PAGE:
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Safety and Cooking Tips for Outdoor Gas Grills
The sounds, smells, and sizzle of summer are back... and it's about time. Few things are as
enjoyable during summer months as outdoor grilling, and nothing heats a grill like clean, reliable propane.
Propane gas grills are equipped with
convenient on/off switches, allowing propane grills to heat up and cool down
quicker than charcoal. Propane is a clean burning energy and, according to the
Environmental Protection Agency, it releases 105 times less carbon monoxide than
charcoal. Plus, propane grill owners have discovered that the distinct
flavor of barbecued food does not come from charcoal. It is instead
created when meat juices drop down onto a hot surface and then vaporize back
onto the meat.
"Grilling with propane is a wonderful way
to cook outdoors," says Rick Browne, host of PBS Television's "Barbecue America"
and author of Grilling America. "Propane grills heat up fast so
you can get your food on the grill quickly and you are able to manage precise
temperatures providing you the flexibility to prepare a variety of dishes."
Below are a few safety and cooking tips from the Propane Education & Research Council (PERC) that will help make your
backyard barbecues a hit:
- Before connecting or lighting a propane gas
grill burner, use a leak-detection solution to check all connections for
tightness. Do not use matches or lighters to check for leaks. Contact a local
propane gas supplier to obtain the leak-detection solution and instructions on
how to use it.
- Always use or store cylinders outdoors in
an upright (vertical) position.
- When the propane cylinder is refilled, have
the supplier check for dents, damage, rust, or leaks.
- After filling or exchanging a cylinder,
take it home immediately. Keep the vehicle ventilated and keep the cylinder
valve closed and plugged or capped in accordance with the manufacturer's
instructions. Transport the cylinder in a vertical, secured position.
- Do not smoke while handling the propane
If there is an uncontrollable release of
gas or a fire, call the fire department immediately, and move all people and
pets away from the unit.
- Do not allow children to tamper or play
with the cylinder or grill.
- Do not use, store, or transport a cylinder
where it would be exposed to high temperatures. (This includes storing spare
cylinders under or near the grill.)
- When a grill is not in use, cover
disconnected hose-end fittings with small plastic bags, or protective fitting
caps from a propane supplier to keep out dirt, insects, and moisture. Remember
to remove them before starting your grill.
- When not in use, grill burner controls
should be turned off and the cylinder valve closed (NOTE: Valves should be
turned clockwise to close.).
- When lighting your grill, make sure the
grill top is open. Follow the manufacturer's instructions.
- Always follow the grill manufacturer's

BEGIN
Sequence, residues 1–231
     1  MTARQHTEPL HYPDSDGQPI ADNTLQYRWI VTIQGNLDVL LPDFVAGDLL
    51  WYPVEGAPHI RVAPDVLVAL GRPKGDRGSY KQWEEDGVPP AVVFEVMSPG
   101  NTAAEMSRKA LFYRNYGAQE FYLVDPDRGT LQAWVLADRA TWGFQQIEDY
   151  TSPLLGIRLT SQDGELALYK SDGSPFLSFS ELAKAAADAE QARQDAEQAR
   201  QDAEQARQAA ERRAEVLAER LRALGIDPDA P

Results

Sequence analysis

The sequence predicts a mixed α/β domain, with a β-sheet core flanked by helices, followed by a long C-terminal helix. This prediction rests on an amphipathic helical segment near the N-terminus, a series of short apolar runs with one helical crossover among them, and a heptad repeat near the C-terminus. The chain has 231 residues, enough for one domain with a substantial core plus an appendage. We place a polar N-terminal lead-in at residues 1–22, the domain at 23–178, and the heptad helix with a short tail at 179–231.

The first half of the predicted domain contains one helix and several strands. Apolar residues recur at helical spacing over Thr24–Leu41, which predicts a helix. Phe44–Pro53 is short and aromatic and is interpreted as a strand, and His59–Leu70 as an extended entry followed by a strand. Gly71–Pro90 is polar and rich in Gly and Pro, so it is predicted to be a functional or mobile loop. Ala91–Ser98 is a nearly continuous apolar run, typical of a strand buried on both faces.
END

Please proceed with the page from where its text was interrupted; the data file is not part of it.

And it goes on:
instructions and keep written materials and manuals in a safe, accessible
Various states across the country have
adopted National Fire Protection Association (NFPA) regulations requiring that
all small propane cylinders (4-40 lbs.) be equipped with an Overfilling
Prevention Device (OPD) by April 1, 2002. Propane cylinders manufactured after
October 1998 already contain OPDs and are available in all 50 states. PERC
recommends that consumers check their propane cylinders for OPDs. For additional
information on OPDs, visit the NFPA's website at
http://www.nfpa.org/ or the National Propane Gas Association's website at
- Barbecue vegetables on a "barbecue grate” on top of the grill, that
way veggies don't fall into the flames.
- So food won't stick to the grill surface, dip a 2"x 2" folded-up paper
towel in olive oil and rub over the grate before turning on your grill.
- Despite their being called "rubs", it is recommended to gently pat
rubs onto the meat or poultry.
- To prevent salmonella poisoning, always boil leftover marinade in a
saucepan for 12 minutes before reusing it as a baste for meat, fish or poultry.
- For the perfect steak, let it rest for 3-4 minutes before serving, so
juices can flow from the center of the meat back to the exterior.
- Instead of an expensive grill brush, use a "wadded-up" piece of
aluminum foil, held in tongs, to clean a dirty grill.
- Use tongs to lift and turn meat. Using a fork pierces the meat and
lets precious juices escape.
- Never put on BBQ sauce until the last 10-15 minutes of barbecue time.
The sugars in the sauce burn easily and produce a black, unappetizing crust on
- Be safe and use a meat thermometer on EVERYTHING you barbecue and
always clean cutting boards, knives, or anything else that touches raw poultry,
fish or meat, before using them to cut other food items.
- Be sure to keep the lid of the grill closed. Every time the lid of
the grill is raised, 15 minutes of cooking time is lost.
This article has been
reprinted courtesy of the
Propane Education & Research Council, whose
purpose is to promote the safe, efficient use of propane.
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